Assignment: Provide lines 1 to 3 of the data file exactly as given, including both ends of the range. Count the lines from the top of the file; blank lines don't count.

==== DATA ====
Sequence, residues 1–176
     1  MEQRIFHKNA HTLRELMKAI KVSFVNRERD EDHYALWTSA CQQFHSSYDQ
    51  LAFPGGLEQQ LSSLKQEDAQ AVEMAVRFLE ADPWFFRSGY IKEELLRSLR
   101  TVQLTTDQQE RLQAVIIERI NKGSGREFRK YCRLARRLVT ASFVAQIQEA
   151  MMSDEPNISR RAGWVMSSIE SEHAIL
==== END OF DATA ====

Sequence, residues 1–176
     1  MEQRIFHKNA HTLRELMKAI KVSFVNRERD EDHYALWTSA CQQFHSSYDQ
    51  LAFPGGLEQQ LSSLKQEDAQ AVEMAVRFLE ADPWFFRSGY IKEELLRSLR